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‘organisations undoubtedly continue to exist despite apparent passivity’ (e.g. the official IRA before being overtaken by the Provisional IRA in the late 1960s) and it ‘is hard to predict when terrorism is likely to be reactivated’ [11]. It is not difficult to imagine a data-set of ‘how terrorist groups end’ becoming quickly obsolete as some groups desisting from acts of terrorism, re-start their use of terrorist tactics and halt it once more. The judgement whether a group has actually stopped using terrorism as a tactic is often in the eye of the beholder. Firstly, there is the problem of defining what counts as terrorism. Secondly, there is the problem of determining whether and which action is attributable to the main group or originating from a splinter group. Thirdly, political expediency and power-relations also affect the decision when a terrorist group has ended its use of indiscriminate violence against civilians. For example, for a while, the United States turned a blind eye to acts of terrorism attributed to the PLO to maintain the momentum of the peace process during the pre-Oslo period. Later, from the al-Aqsa Intifada onwards, the links between Fatah and the al-Aqsa Martyrs Brigade have been played down, arguably for similar political reasons. Some of these attribution problems are inherent to the study of clandestine groups. Nevertheless, the proposed conceptualization of the disengagement process might provide benchmarks to measure if a group has stopped using terrorism. It seems likely that once a group has comprehensively disengaged, it is less likely that the process will be reversed than in cases of mere behavioural disengagement. In essence, there needs to be some durability for the concept of a ‘disengagement process’ to be applicable. Voluntary disengagement appears to involve also organisational transformation: the (former) terrorist organisation might become part of the political system as a legal party. Alternatively, it might become a social movement, a criminal group or, as we will see, become integrated into the (proto-) state’s security forces. In the following, we will assess the utility of the conceptual distinctions introduced here by looking at their explanatory power with regard to Fatah’s disengagement process. Fatah’s Disengagement Process With the signing of the Oslo Peace Accord in 1993, Yasser Arafat had started the first stage, declarative disengagement. This phase is transitional and progress to the next phase depends primarily on the leadership’s ability to enforce its decision throughout the organisation. The Oslo Accord provided Arafat with the incentives and resources to implement Fatah’s disengagement. Behavioural disengagement was linked closely to a form of organisational disengagement. In 1994 the first contingent of PLO forces were deployed in parts of the West Bank and Gaza (WBG). In the end, some 80 per cent of PLO cadres would be incorporated into the new public sector [12]. The Oslo Peace Process (OPP) stipulated that the Palestinian Authority (PA) should establish a ‘strong police force’, recruited both locally and from abroad. This instrument allowed Arafat to bolster consensus regarding his leadership and authority to make decisions [13]. Arafat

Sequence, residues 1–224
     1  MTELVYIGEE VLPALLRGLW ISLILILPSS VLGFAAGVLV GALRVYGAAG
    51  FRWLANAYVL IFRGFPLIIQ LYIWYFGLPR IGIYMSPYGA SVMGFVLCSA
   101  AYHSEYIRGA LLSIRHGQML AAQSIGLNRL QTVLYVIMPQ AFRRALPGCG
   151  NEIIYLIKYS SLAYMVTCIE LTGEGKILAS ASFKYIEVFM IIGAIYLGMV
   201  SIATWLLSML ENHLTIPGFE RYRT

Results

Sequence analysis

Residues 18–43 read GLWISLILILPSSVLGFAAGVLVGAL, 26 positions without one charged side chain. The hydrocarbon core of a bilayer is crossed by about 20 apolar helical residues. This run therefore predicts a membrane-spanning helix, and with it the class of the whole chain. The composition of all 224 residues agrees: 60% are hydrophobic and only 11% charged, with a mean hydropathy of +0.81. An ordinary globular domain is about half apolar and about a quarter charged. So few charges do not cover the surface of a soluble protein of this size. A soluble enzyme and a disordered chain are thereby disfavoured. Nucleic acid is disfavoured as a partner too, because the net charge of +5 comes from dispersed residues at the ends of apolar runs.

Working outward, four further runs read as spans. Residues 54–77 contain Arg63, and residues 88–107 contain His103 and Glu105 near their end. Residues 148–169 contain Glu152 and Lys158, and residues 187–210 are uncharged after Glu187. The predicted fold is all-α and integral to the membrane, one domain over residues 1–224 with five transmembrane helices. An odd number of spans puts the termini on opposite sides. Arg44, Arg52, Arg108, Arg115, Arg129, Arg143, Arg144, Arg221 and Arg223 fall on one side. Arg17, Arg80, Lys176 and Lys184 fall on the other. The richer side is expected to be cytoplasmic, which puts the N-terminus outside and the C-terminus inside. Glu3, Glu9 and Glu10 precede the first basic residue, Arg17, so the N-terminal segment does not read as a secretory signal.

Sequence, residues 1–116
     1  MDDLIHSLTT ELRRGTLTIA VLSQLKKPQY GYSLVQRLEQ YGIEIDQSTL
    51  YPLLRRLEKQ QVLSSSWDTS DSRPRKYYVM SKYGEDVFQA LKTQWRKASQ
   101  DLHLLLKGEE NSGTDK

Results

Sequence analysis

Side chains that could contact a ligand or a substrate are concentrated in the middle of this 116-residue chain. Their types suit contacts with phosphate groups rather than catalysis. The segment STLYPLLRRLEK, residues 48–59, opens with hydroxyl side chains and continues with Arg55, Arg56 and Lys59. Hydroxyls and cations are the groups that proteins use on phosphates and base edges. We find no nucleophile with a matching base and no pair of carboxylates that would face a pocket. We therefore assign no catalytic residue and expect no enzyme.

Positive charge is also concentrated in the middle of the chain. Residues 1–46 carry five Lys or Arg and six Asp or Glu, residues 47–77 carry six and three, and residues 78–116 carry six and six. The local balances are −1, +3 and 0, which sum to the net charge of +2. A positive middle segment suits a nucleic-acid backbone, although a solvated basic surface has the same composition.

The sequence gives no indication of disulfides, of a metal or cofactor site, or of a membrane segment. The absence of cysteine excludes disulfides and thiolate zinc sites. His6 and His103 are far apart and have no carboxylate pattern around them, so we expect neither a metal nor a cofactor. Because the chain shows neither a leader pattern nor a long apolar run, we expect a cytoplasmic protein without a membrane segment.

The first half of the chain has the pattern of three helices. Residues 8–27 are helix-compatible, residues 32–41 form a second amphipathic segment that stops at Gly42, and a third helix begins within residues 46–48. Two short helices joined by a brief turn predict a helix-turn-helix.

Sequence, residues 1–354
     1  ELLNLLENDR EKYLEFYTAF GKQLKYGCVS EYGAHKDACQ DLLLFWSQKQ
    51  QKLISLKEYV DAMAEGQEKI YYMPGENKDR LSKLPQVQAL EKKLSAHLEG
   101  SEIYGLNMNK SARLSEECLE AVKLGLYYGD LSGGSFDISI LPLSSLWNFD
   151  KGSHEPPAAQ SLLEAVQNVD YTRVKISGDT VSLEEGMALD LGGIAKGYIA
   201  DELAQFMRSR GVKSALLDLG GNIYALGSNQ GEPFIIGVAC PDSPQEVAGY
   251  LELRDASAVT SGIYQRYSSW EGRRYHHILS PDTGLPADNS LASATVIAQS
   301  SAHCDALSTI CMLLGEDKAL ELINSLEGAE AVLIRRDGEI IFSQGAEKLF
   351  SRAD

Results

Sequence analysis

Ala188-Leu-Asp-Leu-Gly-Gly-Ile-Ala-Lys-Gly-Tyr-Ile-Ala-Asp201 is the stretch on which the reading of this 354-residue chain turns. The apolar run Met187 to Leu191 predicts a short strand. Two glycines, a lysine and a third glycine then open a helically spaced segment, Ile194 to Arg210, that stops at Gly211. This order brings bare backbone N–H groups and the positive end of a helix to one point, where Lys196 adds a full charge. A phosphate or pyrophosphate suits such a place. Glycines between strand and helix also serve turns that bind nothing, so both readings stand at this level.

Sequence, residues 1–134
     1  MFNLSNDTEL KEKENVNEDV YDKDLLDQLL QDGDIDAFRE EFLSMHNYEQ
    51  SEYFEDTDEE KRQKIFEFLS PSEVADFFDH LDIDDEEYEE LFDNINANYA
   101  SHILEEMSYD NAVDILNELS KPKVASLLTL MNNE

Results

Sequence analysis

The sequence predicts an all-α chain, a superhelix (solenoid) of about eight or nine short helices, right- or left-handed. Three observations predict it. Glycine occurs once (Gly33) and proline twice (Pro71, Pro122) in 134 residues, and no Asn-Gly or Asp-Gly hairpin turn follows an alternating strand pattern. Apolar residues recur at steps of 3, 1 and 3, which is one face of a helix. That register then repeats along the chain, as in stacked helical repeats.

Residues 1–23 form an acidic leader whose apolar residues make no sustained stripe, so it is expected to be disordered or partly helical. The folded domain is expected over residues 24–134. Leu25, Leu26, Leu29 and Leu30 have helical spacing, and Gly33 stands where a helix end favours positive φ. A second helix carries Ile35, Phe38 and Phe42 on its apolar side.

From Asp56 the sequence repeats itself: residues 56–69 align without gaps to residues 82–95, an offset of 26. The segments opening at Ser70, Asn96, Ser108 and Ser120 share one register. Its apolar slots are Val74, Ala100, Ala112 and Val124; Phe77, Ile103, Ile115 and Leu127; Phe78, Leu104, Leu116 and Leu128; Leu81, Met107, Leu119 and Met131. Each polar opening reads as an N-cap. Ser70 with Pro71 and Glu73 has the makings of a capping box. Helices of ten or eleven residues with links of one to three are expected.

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was able to bring Fatah activists from the WBG into the new security apparatus, including local militias ‘loosely allied’ to Fatah. The incorporation of the Black Panthers and the Fatah Hawks into the PA contributed significantly to the subordination of local resistance. Thereby it weakened a potential source of opposition to the OPP, giving autonomous activists a stake in the process through the prestige associated with their new positions and the material incentive of receiving regular salaries [14]. Arafat’s control over the public sector’s purse strings, which included the security sector, gave ‘him an impressive network of about 350,000 dependants throughout the territories’ [15]. The PA offered Arafat the opportunity to create a patronage system that provided strong incentives to former militants to support the OPP and the PA in general. These incentives were concrete and material and differed from the situation of the early 1960’s and the years thereafter when it had become clear that revolutionary zeal alone was not enough to maintain members’ commitment to the organisation. Thus, the OPP provided direct incentives to initiate and implement the disengagement process. The establishment of the PA facilitated the organisational disengagement of Fatah forces which, in turn, enabled Fatah to behaviourally disengage. However, Fatah did not organisationally disengage completely; although the vast majority of its forces were incorporated into the PA structures, there were still some operationally active armed Fatah groups. For example, Arafat publicly reactivated the Fatah Hawks in 1994 with the aim of confronting the Islamists [16]. In the same way, the al-Aqsa Intifada demonstrated that even if members of an armed group joined the PA’s security sector, it was possible for members to leave and take up arms again, sometimes even against their former employers [17]. Therefore, for organisational disengagement to be successful it has to be total; there can not be exceptions. The state structures that are absorbing them must be able to retain them, whether through stable structures or by virtue of being efficiently ran (i.e. limiting corruption and nepotism). Two interrelated factors prevented complete organisational disengagement; 1) competition between Fatah PA and the armed groups opposed to the OPP, and 2) the inability of the PA to successfully retain the support from the population. The challenge posed by groups such as Hamas led Arafat to use Fatah militants against the Islamists. A factor that constrained the PA in fully confronting the Islamists was public support for the much less corrupt Hamas organization. There was also an important part of the Palestinian population that had always rejected the peace process; it became a majority by the time of the al-Aqsa Intifada [18]. The Islamists gained (and lost) from this fluctuating public opposition to the OPP. This forced Fatah activists to compete. Eventually it led to the splintering of Fatah into armed militias after the OPP collapsed in 2000. Possibly the main factor was the PA’s dependency on the success of the OPP for its legitimacy. However, internal competition also played a role in undermining the success of the peace process. Another factor was the incompetence of the PA itself; its corruption and nepotism drove away members (e.g. Zacharia